With all this done, you should be able to initiate a sync from the iPhone app. However, it’s still possible to hit problems. The first release of the Wi-Fi Edition used TCP Port #80 on the PC. It soon became apparent that on many PCs, other applications were using this port and TCP port sharing was not allowed. So, a maintenance release changed the default port number to one far less likely to be in use. The installer attempts to configure the PC to allow the use of this port, but the sheer number of permutations of PC security tools (firewalls, intrusion prevention systems) and their configurations means that sometimes, permissions need to be set manually. You can download a simple command line utility to do this from the MobileNoter website.
This can all seem quite daunting, but my installation worked first time, without any intervention on my part, so don’t be put off!
Cloud or Wi-Fi?
Which edition you choose depends very much upon how you are going to use the product. I outlined the principal differences earlier, but probably it all depends upon whether (through collaboration or otherwise) the notebooks could be changed by someone else while you’re travelling. The two editions share a common desktop sync client but have separate iPhone apps. I have both apps installed together on my iPhone and can use either to sync with my desktop PC. However, as things stand, the apps each produce their own copy of the notebooks and you can’t specify which notebooks are synchronised over wi-fi and which through the cloud.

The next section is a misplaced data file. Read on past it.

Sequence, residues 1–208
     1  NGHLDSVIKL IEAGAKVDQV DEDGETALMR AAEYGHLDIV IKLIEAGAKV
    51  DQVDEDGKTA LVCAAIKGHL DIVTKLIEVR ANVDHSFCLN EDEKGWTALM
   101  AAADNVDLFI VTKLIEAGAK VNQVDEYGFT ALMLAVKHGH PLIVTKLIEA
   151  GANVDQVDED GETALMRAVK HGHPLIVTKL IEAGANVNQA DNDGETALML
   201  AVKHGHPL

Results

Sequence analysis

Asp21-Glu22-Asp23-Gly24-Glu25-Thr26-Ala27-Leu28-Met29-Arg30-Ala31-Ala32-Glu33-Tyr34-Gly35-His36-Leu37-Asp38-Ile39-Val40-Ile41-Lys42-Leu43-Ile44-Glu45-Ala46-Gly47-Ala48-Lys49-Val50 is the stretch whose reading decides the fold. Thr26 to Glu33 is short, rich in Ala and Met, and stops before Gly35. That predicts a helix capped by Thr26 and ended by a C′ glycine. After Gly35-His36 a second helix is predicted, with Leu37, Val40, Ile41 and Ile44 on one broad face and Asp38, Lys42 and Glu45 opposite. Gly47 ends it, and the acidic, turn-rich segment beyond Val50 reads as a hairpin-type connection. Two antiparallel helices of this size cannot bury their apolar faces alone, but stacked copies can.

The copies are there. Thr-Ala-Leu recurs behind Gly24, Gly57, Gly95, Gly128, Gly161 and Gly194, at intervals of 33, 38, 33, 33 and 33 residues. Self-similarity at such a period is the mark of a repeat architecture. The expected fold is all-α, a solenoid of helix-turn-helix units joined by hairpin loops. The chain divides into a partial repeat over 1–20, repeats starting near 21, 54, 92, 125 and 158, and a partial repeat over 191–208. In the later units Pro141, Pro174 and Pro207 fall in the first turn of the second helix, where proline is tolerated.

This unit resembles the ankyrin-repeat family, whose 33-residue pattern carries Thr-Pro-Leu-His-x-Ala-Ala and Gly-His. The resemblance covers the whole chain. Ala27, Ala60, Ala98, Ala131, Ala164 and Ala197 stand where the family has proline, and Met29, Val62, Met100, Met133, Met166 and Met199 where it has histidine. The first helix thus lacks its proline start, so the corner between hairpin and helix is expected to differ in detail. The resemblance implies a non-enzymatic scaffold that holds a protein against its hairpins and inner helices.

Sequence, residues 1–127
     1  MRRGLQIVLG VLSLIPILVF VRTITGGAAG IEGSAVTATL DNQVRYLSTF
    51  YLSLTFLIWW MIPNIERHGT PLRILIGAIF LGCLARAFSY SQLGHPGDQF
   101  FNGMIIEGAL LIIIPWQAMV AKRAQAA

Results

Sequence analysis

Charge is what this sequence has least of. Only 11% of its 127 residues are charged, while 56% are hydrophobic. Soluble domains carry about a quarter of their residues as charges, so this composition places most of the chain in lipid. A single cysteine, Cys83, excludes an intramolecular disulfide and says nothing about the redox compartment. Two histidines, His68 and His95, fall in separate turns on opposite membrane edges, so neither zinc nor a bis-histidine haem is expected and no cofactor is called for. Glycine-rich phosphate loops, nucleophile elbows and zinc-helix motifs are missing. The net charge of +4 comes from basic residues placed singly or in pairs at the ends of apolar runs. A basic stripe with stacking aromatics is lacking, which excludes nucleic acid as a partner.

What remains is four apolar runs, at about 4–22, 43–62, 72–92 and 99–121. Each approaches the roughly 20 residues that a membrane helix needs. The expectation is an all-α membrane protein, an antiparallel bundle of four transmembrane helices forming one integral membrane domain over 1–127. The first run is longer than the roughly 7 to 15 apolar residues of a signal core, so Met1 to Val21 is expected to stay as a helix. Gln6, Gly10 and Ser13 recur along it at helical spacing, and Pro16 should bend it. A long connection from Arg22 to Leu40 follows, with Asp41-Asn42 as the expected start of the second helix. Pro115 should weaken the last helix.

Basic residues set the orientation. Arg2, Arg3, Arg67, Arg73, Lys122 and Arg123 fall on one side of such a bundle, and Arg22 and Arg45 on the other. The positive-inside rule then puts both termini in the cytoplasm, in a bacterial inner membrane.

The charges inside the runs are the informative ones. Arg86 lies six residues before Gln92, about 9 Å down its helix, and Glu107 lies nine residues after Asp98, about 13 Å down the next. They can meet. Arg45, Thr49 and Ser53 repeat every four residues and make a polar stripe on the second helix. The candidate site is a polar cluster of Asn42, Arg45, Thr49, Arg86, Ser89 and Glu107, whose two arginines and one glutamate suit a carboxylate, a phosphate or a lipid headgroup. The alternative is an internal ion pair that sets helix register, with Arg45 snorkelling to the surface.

There’s a new version of the Cloud Edition iPhone app planned for February, which will provide improved search capabilities and will also allow pictures to be added to Quick Notes (to be synchronised back to the PC). At a later stage (no date yet) these features will be added to the Wi-Fi Edition and it’s probable that at this point, the two iPhone apps and their data files will merge into a single app.
Still further down the line, there are plans to allow the notebooks to be edited on the iPhone with changes synchronised back to the PC. There are a number of ways this could be achieved, but the first possibility is already being tested.